Harriet Beecher Stowe's Uncle Tom's Cabin stands alongside Benjamin Franklin's Autobiography, Thomas Paine's Common Sense and Frederick Douglass's Narrative as an American classic. Any liberally educated person needs to know something about Eliza, Uncle Tom, Eva and the notorious Simon Legree. Stowe's novel filled the American imagination with the cruelty and injustice of slavery, and it may even have motivated some northerners to take up arms. Upon meeting Stowe for the first time in 1862, Abraham Lincoln allegedly greeted the most famous woman in America by asking, "Is this the little woman who made this great war?" With the 150th anniversary of the Civil War upon us, now would be a good time to dust off your paperback copy of the novel and either read it again or lend it to someone who has yet to enjoy it.
If you have read Uncle Tom's Cabin, then you should also read David Reynolds's Mightier Than the Sword. A professor of English and American studies at the City University of New York Graduate Center and the author of books on John Brown, Walt Whitman and America in the Age of Jackson, Reynolds has established himself as one of the great chroniclers of 19th-century American culture. His book is best described as a biography of Stowe's famous novel. Those who have not read Uncle Tom's Cabin will find Reynolds's book informative and interesting, but those who have spent some time with Stowe's masterpiece will find his interpretation of the novel and its place in American culture to be an intellectual feast.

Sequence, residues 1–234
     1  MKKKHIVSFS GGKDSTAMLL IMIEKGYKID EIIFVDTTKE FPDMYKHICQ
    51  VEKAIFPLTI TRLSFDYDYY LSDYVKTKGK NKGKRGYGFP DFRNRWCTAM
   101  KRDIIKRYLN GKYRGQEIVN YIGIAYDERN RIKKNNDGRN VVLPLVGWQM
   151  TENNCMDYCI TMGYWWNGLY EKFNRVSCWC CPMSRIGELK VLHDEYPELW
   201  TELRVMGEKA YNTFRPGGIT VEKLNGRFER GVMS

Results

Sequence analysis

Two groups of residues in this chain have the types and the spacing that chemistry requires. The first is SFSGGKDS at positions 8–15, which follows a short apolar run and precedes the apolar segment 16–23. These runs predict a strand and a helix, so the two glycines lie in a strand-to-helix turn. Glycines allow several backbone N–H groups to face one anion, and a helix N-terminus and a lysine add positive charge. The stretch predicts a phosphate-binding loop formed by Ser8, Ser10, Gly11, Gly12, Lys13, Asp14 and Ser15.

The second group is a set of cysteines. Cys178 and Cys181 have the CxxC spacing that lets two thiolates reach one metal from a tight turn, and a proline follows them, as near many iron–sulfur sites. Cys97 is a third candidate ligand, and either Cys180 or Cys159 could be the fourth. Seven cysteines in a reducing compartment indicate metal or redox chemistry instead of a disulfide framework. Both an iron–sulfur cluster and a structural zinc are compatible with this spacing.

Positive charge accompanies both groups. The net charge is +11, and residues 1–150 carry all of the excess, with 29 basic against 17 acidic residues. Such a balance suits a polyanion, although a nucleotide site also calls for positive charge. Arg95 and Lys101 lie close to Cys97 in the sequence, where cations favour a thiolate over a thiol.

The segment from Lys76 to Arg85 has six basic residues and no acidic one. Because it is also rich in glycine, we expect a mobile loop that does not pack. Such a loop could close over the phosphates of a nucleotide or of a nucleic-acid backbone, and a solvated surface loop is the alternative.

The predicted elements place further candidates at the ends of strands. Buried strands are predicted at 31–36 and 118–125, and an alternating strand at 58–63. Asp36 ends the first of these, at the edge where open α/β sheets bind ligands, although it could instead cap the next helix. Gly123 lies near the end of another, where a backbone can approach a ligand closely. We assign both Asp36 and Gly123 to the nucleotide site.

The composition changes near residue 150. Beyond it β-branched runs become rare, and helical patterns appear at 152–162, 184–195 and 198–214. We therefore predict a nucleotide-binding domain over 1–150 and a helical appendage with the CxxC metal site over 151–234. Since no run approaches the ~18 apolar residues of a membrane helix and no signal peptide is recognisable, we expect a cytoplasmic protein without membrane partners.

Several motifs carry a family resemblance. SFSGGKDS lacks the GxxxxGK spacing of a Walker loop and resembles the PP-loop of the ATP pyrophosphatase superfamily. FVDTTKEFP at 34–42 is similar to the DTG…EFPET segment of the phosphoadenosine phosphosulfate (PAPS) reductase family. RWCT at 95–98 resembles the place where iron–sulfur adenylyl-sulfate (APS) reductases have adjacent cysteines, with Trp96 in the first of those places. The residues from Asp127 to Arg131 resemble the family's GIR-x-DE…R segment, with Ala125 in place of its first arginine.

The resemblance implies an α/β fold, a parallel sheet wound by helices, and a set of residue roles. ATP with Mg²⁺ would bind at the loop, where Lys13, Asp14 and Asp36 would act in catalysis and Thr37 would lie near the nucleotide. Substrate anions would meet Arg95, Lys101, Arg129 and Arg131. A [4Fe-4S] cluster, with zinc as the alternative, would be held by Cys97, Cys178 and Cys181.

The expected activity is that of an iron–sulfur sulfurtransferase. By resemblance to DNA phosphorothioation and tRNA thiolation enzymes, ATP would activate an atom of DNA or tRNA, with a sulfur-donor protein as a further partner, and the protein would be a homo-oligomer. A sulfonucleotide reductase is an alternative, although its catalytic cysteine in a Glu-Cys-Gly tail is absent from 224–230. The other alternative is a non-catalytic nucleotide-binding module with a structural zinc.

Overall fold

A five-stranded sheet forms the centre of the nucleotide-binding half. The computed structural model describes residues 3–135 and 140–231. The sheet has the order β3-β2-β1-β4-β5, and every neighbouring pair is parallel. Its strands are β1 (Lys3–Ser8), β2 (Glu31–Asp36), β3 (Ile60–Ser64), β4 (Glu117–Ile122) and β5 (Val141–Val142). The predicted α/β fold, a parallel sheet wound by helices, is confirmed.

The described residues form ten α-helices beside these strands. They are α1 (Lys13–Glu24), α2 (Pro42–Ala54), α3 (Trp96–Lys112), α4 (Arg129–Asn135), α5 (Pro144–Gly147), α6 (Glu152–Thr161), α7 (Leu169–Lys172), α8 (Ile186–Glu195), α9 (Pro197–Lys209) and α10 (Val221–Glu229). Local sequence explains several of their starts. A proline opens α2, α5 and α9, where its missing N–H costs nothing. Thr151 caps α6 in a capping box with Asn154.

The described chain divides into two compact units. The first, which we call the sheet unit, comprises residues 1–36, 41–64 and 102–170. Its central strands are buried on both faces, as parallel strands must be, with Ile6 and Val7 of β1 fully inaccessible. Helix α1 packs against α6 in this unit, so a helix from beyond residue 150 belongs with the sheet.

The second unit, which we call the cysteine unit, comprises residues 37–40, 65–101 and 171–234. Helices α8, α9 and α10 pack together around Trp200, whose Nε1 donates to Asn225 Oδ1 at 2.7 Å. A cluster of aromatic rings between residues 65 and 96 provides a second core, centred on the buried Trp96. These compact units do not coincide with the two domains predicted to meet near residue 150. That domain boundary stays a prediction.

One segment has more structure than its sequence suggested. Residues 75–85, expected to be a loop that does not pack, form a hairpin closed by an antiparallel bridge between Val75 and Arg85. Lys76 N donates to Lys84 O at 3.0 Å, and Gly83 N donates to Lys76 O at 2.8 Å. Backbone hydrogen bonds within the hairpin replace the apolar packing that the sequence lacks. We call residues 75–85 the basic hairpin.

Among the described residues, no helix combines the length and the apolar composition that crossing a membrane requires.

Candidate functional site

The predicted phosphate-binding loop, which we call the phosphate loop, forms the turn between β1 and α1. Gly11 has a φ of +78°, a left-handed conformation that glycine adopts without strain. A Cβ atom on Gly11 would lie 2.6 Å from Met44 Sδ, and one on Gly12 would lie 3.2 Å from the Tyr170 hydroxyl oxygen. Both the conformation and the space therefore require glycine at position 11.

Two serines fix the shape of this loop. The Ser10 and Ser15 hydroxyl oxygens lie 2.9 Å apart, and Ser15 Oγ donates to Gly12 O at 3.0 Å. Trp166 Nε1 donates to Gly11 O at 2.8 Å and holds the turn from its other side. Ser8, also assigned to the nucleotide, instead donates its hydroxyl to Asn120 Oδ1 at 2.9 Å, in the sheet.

Reynolds situates Stowe and Uncle Tom's Cabin in the evangelical culture of the early 19th-century United States. Stowe was raised in the most prominent religious family in the country. Her father, Lyman Beecher, was a nationally known Congregational minister and social reformer. Her brother Henry Ward Beecher followed in his father's footsteps and became, to use the title of Debby Applegate's wonderful biography, the most famous man in America. Her sister Catharine became an educator and advocate for women's rights. Although the Beecher family's theological roots were deeply embedded in 17th-century New England Puritanism, Lyman's children rejected their childhood Calvinism. Stowe's brand of evangelicalism was more hopeful than harsh, more democratic than hierarchical and more egalitarian than authoritative. She was a follower of revivalist Charles Finney, embraced the Wesleyan doctrine of perfectionism and even claimed that she was inspired to write Uncle Tom's Cabin by a vision from God. In the same way that the male members of her family used the pulpit to promote a brand of evangelicalism steeped in social reform, Stowe used her pen.
Uncle Tom's Cabin was not written in a vacuum. Many criticized the novel for its perceived sensationalism, but Reynolds argues that Stowe's treatment of slave life was quite mild compared to that of other popular reform novels of the era, such as George Lippard's dark and graphic The Quaker City; or, The Monks of Monk Hall. For Reynolds, Stowe's vision of reform was a moderate one. The novel celebrates women's rights but does not champion feminism. Her female characters are adventurous and sensual, but they are also virtuous and moral. The novel critiques capitalism and the slave system it produced, but it is not Marxist. It promotes temperance, but in a subtle and indirect manner.